TV was not just a medium, but the medium this year—the year where the pandemic and the election drove us all indoors to huddle around screens, where the demands of sheltering in place turned us into figures in small digitized screens for other people to consume. Weirdly, a number of streaming platforms with thousands of hours of content launched months before the pandemic struck us, or shortly after, giving many of us a chance to drown ourselves in programming when the outside world was no longer an option.
The ability to combat the boredom of this awful, depressing year has been a godsend. But it���s also been disappointing to discover what economic incentives have done to television quality and, as a result, to the conversation around TV. I felt stubborn and intransigent putting this list together, because while there was no limit to the shows that had created dialogue or nabbed millions of viewers, trying to find 10 peerless shows was harder than it’s been in years. So, more than new debuts or flashes in the pan, I found myself returning to the weird, wonderful things TV is good at: the fourth and fifth seasons of reliable dramas; live athletics; bringing the stage to the screen; the odd intimacy of “reality” television. It’s a strange list for a strange year, but as always, the lovely and sometimes awful thing about TV is it gave us a chance to be in this mess together.
The half hour from creator, writer, and star Ramy Youssef ended its first season with a seemingly intractable problem: Ramy, on a trip to see family in Cairo, falls in love with Amani (Rosaline Elbay)—his cousin!—deepening the identity crisis he’s been trapped in since the first episode. The second season picks up just a few weeks later, with Ramy back in Jersey and mired in a depression, unable to make sense of his life. Youssef’s sensitive portrayal of a young Muslim American is at odds with how ridiculously obtuse and selfish his character can be. But as this season explores in greater depth, Ramy’s conflicts are just the most overt in his family of Egyptian-American immigrants, who are all attempting to live under the enveloping tradition of their deeply religious culture as modern Americans.
This season introduces Mahershala Ali as the Sufi Sheikh Malik, whose intimately personal approach to Islam appeals to Ramy. But as the season goes on, the sheikh proves to be another Band-Aid Ramy is using to patch a far bigger internal rupture. The second season also has more stand-alone episodes for the rest of Ramy’s family—most notably, the rapturous Hiam Abbass as his mother, Maysa. In the first season, her episode was mostly tragic. In the second season, Ramy lets her test her comedic skills, resulting in one of the most droll, embarrassing, yet heartwarming TV episodes of the year, where Maysa has to learn to accept and understand gender fluidity. Amr Waked as Ramy’s father, Farouk, has an incredible episode as well—and late in the season, a focus on Uncle Naseem (Laith Nakli) reveals a lot of substance under the gluttonous, cheesy jewelry salesman’s bluster. The show has an exceptional ability to package some of its most pointed and thorny topics in episodes that feel humorous, particularly in the finale—where Ramy, clad only in a sheet, has to face Sheikh Malik and own up to some remarkably shameful behavior. Youssef’s performance manages to go toe-to-toe with Ali’s—no easy feat. Uncomfortable, comical, and at times painful, Ramy’s second season has a way of staying with you.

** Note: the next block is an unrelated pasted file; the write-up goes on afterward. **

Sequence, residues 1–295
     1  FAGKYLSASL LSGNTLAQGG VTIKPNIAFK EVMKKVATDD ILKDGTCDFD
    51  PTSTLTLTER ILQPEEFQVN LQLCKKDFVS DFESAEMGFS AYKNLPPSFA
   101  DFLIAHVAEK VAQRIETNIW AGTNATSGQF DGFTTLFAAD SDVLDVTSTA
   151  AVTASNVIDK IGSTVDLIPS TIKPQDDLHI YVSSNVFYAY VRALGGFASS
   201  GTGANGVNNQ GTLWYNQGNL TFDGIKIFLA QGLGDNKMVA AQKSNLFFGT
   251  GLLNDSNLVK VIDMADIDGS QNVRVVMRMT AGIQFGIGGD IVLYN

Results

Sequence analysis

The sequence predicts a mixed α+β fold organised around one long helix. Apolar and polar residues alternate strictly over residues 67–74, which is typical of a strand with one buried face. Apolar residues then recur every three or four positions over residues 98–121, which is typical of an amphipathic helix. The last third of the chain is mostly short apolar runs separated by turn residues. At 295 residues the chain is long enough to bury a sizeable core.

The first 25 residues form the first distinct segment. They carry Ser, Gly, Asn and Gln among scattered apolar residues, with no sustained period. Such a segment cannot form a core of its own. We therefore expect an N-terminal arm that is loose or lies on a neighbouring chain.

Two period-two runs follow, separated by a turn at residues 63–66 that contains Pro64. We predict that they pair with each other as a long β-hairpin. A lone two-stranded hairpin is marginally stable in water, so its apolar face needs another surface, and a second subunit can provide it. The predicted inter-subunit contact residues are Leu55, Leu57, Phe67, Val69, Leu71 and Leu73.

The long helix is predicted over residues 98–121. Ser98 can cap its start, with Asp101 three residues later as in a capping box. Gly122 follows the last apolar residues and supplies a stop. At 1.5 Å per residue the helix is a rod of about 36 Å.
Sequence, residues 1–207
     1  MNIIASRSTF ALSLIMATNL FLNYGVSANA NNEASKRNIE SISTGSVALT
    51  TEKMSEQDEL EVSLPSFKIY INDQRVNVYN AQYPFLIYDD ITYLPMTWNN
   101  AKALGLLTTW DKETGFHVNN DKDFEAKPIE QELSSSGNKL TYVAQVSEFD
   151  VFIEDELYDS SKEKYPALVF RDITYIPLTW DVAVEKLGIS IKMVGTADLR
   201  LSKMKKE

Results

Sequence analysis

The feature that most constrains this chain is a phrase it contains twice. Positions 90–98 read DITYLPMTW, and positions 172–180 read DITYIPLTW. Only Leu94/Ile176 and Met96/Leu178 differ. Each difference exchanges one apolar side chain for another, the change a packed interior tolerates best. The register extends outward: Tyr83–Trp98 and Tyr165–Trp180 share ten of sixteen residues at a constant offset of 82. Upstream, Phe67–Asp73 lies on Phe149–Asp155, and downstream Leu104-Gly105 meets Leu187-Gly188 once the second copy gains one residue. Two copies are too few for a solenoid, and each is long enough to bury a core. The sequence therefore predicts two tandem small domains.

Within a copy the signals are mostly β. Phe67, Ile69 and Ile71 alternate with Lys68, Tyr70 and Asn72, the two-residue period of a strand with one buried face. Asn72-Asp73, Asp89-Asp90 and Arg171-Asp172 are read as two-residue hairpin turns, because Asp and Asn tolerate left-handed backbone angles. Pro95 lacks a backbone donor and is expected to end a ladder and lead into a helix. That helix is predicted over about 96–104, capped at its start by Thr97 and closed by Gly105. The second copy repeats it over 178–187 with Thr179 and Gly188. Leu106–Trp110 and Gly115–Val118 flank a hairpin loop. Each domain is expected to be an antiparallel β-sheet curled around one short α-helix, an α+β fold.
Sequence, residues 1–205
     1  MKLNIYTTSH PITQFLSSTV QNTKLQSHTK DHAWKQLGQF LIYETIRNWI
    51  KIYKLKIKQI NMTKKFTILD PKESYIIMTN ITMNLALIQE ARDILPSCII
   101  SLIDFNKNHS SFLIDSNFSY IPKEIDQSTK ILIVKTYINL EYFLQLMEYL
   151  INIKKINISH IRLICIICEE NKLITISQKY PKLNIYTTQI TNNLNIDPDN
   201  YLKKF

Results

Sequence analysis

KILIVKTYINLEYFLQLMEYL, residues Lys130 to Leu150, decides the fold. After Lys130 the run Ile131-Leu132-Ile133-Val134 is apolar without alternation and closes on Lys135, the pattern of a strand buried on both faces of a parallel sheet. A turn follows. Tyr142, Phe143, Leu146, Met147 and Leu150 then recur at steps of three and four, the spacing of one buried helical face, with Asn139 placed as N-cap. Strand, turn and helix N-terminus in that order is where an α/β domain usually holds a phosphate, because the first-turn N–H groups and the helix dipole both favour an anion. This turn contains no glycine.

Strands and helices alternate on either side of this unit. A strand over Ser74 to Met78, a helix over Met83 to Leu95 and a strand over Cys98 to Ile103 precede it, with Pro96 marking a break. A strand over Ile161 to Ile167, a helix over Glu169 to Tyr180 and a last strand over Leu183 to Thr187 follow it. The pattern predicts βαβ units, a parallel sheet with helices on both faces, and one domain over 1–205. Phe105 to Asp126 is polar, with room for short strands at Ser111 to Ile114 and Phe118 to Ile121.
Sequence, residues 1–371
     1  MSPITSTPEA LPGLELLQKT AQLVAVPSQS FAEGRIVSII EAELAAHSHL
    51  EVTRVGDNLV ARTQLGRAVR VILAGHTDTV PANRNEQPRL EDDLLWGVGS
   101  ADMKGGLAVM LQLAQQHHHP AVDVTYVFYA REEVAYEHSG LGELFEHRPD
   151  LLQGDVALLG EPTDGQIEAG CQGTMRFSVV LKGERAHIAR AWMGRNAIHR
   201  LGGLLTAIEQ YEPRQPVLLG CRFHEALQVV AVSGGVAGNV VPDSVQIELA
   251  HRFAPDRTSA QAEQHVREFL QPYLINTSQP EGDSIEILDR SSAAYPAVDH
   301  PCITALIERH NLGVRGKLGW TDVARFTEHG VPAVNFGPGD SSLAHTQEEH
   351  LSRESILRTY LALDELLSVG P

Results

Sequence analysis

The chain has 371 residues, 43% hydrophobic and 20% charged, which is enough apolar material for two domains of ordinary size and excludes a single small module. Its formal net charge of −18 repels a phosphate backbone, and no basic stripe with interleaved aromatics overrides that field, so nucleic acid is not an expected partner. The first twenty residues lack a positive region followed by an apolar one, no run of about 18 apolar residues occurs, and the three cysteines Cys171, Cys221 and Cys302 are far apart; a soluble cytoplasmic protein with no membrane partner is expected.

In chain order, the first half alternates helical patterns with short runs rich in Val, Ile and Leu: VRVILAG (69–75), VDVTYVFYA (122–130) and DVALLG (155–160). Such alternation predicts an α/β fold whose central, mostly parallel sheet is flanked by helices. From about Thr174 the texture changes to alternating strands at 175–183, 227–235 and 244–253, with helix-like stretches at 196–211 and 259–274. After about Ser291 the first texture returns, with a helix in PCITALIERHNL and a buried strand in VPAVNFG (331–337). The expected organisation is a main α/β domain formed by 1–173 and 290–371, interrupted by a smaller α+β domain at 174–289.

Admittedly, this is an odd inclusion. The acclaimed animator Genndy Tartakovsky is behind a few beloved cartoons, like Dexter’s Laboratory and Samurai Jack, as well as the haunting Star Wars series of shorts packaged as Clone Wars. But Primal, which debuted five episodes last year and five more this year, is not child’s play. (Indeed, the first season ended on such a tragic note that Primal’s primary takeaway was unspeakable cruelty.) In a way Tartakovsky’s project has a kind of classic cartoon setup, centered around a man and his beast. Spear (Aaron LaPlante) and Fang are a caveman and a Tyrannosaurus, both nonverbal, who are from the get-go struggling for survival in a hostile world. Both of their families are massacred in the first episode by the same vicious dinosaurs. United in grief and the need to keep moving, the improbable pair form a bond through a beautifully depicted, horribly stark landscape.
What’s astonishing is how immediate and raw the story feels, even without any dialogue. Spear and Fang sometimes roar at each other���but they mostly communicate by look and sign, through the shared experience of moving through the world together. At times unspeakably gory, the animated series draws on deep, instinctual feelings of survival, dominance, and loss, pricking the viewer with difficult truths that resonate far beyond the show’s fantastical prehistory. At its core is Spear and Fang’s shared, desperate need to belong to another creature—to have something be on their side. The five episodes that debuted this year introduce far more human civilization than last year, bringing mythical creatures, a vast variety of dinosaurs, and ancient human behavior together in a fascinating and disturbing meditation on what it means to be alive.
I know how it is. You’re either on the Saul train, excitedly texting your fellow fans about what Kim Wexler’s ponytail is up to today, or you’re not watching, secretly fed up with people telling you how good it is. Still, I am here to bang the drum once more. Better Call Saul’s fifth season, slated to be its penultimate, is as gripping as ever—and has the added advantage of getting Bob Odenkirk’s Saul to drink his own pee.